Frederick Douglass - Most Moving Speech from 1852

"The wisdom that I impart comes to me from Almighty through 'bani'" - Guru Nanak

However difficult it is to sing the truth, truth must be sung. And when it is sung, it makes everyone closer to the truth. Like when Guru Nanak talks courageously about the atrocities of Babur. Or when Guru Gobind Singh talks about the atrocities. I see a similar truth reflected when Frederick Douglas talks about slavery.

Frederick Douglass was a African American Civil Rights activist in the times of Abraham Lincoln. Frederick was asked to speak at an event on July 5, 1852 to commemorate the signing of the Declaration of Independence at Rochester's Corinthian Hall. Very courageously he changed his speech to the call of the hour, American Slavery.

Within the now-famous address is what historian Philip S. Foner has called "probably the most moving passage in all of Douglass' speeches."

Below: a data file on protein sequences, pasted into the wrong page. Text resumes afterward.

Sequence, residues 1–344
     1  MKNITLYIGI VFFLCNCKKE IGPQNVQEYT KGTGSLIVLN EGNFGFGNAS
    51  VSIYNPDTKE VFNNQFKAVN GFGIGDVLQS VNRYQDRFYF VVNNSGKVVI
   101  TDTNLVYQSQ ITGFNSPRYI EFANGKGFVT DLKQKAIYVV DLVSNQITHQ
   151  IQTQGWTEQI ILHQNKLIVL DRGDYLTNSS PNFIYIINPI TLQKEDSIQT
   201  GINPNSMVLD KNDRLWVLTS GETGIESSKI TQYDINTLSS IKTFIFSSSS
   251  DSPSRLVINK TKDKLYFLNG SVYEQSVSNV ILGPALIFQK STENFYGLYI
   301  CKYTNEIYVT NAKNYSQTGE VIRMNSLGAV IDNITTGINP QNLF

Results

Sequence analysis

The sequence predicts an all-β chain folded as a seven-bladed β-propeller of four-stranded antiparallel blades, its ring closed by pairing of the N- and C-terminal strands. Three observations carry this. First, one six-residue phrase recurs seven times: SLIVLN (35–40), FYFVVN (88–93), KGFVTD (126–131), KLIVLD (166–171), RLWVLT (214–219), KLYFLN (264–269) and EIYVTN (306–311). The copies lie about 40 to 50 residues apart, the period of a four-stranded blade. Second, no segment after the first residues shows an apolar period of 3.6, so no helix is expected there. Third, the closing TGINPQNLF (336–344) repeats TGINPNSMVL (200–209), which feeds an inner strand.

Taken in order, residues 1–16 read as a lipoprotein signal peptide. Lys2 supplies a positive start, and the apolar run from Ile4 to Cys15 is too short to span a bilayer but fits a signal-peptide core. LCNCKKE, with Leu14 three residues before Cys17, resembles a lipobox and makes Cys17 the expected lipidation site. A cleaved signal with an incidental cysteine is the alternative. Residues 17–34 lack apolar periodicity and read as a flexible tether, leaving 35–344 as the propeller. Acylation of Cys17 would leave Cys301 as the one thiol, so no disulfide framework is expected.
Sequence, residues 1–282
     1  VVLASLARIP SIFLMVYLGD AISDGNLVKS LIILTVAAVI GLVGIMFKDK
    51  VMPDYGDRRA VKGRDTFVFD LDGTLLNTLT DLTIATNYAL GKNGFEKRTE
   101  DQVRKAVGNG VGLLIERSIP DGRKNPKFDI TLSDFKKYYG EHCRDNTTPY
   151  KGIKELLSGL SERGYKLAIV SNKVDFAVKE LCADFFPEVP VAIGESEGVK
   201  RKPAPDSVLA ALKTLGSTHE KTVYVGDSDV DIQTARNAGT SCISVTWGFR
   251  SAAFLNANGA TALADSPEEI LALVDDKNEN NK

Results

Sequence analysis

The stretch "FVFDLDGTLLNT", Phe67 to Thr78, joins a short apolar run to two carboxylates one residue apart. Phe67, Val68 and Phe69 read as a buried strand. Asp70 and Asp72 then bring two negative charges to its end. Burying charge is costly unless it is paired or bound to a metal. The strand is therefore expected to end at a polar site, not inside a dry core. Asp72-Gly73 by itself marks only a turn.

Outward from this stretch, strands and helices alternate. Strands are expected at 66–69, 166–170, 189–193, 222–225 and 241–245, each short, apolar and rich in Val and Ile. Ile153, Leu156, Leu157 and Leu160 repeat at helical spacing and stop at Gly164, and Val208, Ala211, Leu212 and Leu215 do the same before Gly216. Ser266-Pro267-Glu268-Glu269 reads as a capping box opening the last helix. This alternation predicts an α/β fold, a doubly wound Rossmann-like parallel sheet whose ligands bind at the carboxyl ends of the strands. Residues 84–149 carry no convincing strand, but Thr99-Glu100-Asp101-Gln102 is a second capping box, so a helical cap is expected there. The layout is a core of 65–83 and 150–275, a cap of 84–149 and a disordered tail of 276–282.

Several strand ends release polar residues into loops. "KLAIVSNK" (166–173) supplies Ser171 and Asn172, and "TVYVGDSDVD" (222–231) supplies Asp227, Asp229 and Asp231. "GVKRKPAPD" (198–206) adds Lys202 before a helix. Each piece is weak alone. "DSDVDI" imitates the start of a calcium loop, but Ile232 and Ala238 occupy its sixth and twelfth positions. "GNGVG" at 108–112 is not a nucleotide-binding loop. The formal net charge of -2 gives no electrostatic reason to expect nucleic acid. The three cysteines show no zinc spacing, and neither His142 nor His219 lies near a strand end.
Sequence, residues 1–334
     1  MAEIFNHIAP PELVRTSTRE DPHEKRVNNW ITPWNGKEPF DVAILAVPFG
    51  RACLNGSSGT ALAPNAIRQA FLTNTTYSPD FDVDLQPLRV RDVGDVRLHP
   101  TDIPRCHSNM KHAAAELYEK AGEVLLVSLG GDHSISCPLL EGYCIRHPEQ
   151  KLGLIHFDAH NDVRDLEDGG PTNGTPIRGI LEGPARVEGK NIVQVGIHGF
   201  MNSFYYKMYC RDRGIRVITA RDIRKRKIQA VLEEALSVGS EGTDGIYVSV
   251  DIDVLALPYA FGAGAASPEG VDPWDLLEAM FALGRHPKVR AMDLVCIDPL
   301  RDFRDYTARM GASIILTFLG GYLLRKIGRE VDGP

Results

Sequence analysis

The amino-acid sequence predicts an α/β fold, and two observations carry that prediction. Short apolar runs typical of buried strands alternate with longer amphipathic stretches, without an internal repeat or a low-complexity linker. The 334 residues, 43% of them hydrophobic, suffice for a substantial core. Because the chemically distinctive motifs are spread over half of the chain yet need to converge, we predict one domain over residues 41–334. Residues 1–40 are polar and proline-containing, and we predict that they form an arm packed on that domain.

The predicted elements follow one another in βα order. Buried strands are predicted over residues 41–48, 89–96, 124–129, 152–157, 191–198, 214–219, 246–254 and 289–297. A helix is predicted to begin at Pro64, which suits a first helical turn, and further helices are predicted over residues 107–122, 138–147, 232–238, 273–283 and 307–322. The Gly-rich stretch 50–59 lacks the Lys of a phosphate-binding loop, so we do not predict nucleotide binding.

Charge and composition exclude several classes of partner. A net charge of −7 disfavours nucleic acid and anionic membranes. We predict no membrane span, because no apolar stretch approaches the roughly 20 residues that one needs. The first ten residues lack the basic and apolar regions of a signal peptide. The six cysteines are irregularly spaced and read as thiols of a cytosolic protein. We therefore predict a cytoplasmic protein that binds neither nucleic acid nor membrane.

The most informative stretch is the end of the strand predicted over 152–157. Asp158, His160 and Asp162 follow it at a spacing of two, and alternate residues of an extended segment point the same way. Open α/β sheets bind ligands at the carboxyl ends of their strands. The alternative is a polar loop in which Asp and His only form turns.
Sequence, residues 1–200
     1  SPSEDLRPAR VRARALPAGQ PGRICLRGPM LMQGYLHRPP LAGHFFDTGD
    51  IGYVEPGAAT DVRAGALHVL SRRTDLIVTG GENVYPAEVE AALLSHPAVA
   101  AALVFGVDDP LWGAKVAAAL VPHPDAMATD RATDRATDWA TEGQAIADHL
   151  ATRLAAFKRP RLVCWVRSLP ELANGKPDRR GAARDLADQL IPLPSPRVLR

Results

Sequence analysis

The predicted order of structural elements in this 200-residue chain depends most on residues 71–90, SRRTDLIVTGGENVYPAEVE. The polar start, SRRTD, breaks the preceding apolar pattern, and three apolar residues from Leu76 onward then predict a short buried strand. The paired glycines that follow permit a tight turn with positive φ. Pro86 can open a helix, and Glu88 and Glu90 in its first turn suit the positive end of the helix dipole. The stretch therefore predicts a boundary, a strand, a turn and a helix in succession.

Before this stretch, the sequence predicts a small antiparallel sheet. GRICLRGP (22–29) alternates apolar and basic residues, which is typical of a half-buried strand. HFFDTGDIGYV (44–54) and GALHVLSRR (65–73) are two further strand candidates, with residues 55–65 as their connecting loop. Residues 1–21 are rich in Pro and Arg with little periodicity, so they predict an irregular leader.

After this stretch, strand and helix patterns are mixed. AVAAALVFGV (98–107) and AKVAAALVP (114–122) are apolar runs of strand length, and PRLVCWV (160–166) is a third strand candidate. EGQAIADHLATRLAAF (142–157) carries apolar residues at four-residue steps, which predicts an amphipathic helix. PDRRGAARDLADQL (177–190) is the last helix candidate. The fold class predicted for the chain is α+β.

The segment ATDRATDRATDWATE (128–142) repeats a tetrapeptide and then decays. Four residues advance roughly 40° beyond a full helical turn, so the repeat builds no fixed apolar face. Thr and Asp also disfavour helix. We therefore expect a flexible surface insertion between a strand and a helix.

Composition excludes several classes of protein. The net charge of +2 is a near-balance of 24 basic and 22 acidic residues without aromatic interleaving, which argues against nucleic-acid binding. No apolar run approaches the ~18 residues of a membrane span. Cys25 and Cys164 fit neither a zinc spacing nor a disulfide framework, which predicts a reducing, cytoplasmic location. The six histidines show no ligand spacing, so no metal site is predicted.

What, to the American slave, is your 4th of July? I answer; a day that reveals to him, more than all other days in the year, the gross injustice and cruelty to which he is the constant victim. To him, your celebration is a sham; your boasted liberty, an unholy license; your national greatness, swelling vanity; your sound of rejoicing are empty and heartless; your denunciation of tyrants brass fronted impudence; your shout of liberty and equality, hollow mockery; your prayers and hymns, your sermons and thanks-givings, with all your religious parade and solemnity, are to him, mere bombast, fraud, deception, impiety, and hypocrisy -- a thin veil to cover up crimes which would disgrace a nation of savages. There is not a nation on the earth guilty of practices more shocking and bloody than are the people of the United States, at this very hour.